Award to Wiltshire Heritage Museum

Writing in the The Wiltshire Gazette and Herald yesterday, Lewis Cowen reports that, "The Wiltshire Heritage Museum in Devizes has been awarded £58,200 to work on plans to create new Bronze Age galleries. The money has come from the Heritage Lottery Fund and now the museum will progress to the second stage of the HLF application process. The project will cost more than £200,000 and the museum, in Long Street, will have to contribute between £20,000 and £30,000. The new galleries will feature the rich finds from burials in the Stonehenge and Avebury World Heritage Site. The project will feature the unique gold and amber finds that define the Bronze Age Wessex culture and are currently locked away in the museum's vaults. The most famous of these are the 4,000-year-old finds from Bush Barrow, including a gold lozenge, belt hook, stone mace and richly decorated bronze dagger. The new displays will also include objects excavated from Upton Lovell and Manton as well as recent finds from Marden Henge, near Devizes."

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Footprints through Avebury by Mike Pitts

Footprints through Avebury was written and photographed by Mike Pitts. Mike, now editor of the British Archaeology Magazine, has excavated at both Stonehenge and Avebury, is the author of Hengeworld, and was, for five years, curator of the Alexander Keiller Museum at Avebury.

Footprints through Avebury is a little book (only 65 pages) but one packed full with a wealth of information, maps, contact details and a timeline for Avebury and its environs. The timeline begins 5,500 years ago with the Windmill Hill settlement, through to the erection of the first megaliths at Avebury 4,600 years ago, the Roman settlement at Silbury 1,700 years ago, the purchase of Avebury by the National Trust in 1900, and ending in the year 2000 when visitors to this World Heritage Site topped a quarter of a million. As the name of the booklet suggests, however, it’s not just an introduction to Avebury but a well thought-out walking guide to places of interest in and around the village. There are five guides (Mike calls them Excursions) most with maps or diagrams, all with excellent photos or illustrations. A useful note at the beginning of the longer walks is the distance in kilometres and miles; the distance from Avebury to Windmill Hill for example is five and a half kilometres or three and half miles.

With its easy-to-use guides and wealth of information Footprints through Avebury is a must-have for both the first-time and the seasoned visitor to the Avebury World Heritage Site.

Avebury walks II: The Winterbourne and Windmill Hill

This walk has the advantage of offering two possibilities, both of which can be managed if you have three hours or so to spare, or in less than one hour if time is short. As with walk I below, if you’re arriving in Avebury by coach or car you’ll probably get off in the main car park and then walk along the path to Avebury High Street. Once there, turn left away from the Henge itself and walk down the High Street, past the church on your right and carry on down to the end of the road where you’ll take a sharp turn to the right and then to the left. The road has now become a footpath and, after ten minutes or so, will bring you to a little bridge which crosses over the Winterbourne stream. There’s a bench there where you can rest and, looking south across the meadows, be rewarded with one of the loveliest views of Silbury that there is.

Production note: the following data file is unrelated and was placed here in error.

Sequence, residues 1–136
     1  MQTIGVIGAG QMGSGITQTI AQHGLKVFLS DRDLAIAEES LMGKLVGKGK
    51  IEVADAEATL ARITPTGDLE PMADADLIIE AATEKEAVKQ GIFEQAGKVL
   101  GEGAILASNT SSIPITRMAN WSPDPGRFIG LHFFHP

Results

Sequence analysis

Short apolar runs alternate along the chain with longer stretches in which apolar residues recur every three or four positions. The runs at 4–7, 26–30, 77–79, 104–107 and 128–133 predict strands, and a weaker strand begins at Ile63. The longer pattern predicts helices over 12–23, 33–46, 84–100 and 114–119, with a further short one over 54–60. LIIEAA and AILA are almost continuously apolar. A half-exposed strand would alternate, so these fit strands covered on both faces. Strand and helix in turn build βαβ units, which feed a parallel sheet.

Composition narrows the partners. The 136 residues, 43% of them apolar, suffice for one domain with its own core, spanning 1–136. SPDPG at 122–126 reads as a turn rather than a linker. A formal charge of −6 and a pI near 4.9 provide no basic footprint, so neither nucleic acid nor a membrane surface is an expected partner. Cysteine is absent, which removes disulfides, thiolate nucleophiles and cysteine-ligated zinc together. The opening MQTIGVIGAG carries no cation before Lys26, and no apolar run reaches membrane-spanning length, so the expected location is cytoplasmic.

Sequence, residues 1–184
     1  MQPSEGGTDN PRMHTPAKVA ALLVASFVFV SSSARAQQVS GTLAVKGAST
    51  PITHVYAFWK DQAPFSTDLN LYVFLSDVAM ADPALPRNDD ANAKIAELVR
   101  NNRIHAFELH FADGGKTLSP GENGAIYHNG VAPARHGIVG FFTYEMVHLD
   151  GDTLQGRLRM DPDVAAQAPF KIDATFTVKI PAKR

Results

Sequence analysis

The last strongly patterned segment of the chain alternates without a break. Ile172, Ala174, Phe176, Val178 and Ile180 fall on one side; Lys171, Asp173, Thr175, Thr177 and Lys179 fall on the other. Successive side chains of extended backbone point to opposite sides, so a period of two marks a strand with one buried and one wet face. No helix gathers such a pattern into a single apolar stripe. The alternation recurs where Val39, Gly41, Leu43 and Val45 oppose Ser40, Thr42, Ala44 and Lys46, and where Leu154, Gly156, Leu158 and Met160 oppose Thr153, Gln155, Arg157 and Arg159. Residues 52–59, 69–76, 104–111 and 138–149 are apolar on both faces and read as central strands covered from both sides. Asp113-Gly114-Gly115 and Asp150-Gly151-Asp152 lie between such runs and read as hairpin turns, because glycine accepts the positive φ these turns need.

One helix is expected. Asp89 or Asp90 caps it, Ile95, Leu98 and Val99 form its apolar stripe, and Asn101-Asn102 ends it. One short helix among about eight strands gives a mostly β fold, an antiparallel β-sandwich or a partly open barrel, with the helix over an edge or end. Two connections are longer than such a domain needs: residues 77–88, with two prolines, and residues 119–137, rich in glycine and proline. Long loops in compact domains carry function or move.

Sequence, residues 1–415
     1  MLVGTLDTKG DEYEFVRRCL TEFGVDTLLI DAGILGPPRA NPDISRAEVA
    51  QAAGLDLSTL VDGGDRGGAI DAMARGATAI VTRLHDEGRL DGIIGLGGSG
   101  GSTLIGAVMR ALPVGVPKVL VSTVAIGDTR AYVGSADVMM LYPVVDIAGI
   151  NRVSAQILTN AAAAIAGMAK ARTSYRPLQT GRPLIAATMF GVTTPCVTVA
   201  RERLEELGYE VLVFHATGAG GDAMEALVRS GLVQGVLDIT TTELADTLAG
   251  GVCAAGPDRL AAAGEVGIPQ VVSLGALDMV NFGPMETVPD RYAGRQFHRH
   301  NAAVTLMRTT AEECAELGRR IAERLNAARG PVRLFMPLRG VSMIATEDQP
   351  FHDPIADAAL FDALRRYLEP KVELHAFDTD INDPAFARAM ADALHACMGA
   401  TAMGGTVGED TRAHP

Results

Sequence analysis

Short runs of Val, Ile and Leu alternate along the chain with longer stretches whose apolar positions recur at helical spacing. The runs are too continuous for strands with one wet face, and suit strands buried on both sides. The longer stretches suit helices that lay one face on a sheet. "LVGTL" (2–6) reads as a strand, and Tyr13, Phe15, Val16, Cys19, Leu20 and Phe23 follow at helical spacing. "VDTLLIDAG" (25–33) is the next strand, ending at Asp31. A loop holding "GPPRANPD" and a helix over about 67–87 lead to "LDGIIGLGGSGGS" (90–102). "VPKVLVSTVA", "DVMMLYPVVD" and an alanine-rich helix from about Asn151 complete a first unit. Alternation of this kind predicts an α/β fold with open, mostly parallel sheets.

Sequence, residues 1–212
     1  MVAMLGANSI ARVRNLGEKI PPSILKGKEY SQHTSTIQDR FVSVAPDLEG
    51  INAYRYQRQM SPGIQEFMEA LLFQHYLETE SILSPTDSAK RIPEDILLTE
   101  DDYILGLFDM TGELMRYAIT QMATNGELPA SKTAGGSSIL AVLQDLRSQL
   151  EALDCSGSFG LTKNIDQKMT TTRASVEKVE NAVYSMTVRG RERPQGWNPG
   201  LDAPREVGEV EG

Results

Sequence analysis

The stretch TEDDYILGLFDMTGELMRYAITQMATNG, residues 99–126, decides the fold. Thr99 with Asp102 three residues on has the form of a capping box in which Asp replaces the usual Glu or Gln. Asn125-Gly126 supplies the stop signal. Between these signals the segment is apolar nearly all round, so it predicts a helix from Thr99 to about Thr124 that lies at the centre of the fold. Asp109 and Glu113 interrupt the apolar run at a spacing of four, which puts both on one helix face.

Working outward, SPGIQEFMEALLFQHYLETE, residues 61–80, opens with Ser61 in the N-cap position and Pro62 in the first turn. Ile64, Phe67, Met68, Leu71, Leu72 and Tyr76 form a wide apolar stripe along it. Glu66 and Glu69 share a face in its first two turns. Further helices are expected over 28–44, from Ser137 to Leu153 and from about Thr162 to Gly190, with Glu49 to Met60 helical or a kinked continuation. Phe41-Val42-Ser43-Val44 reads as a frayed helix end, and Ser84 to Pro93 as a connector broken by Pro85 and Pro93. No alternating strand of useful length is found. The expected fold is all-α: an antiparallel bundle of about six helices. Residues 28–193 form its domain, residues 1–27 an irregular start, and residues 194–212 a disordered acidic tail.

Silbury from the Winterbourne

I’ve sat for long periods there just taking in the view and the sound of the Winterbourne when it’s in full flow (as the name suggests however the stream does not flow at all times throughout the year). You may decide that you want to stay there for as long as you can or, if you have time, walk on to Windmill Hill.

There’s a signpost close to the bench indicating a route to Windmill Hill over the fields but my advice is to avoid this as the ground can often be waterlogged or occupied by cows or bullocks. Instead carry on up the lane until you reach the end and then turn right following the lane (then track) up the hill. The original settlement on Windmill Hill is thought to have been made some 5,500 years ago, making it one of the earliest known settlements in the Avebury area (the round barrows within the enclosure however date from the early Bronze Age). Take a moment to sit and imagine what it was like to live there thousands of years ago. If the weather is fine look southwards – you should be able to see Silbury in the distance.

See also Footprints through Avebury by Mike Pitts.

On this day William Stukeley died

“Stukeley was an English antiquary and one of the founders of field archaeology, who pioneered the investigation of Stonehenge.

“William Stukeley was born at Holbeach in Lincolnshire, and studied medicine at Cambridge University. While still a student he began making topographical and architectural drawings as well as sketches of historical artefacts. He continued with this alongside his career as a doctor, and published the results of his travels around Britain in 'Itinerarium Curiosum' in 1724.”

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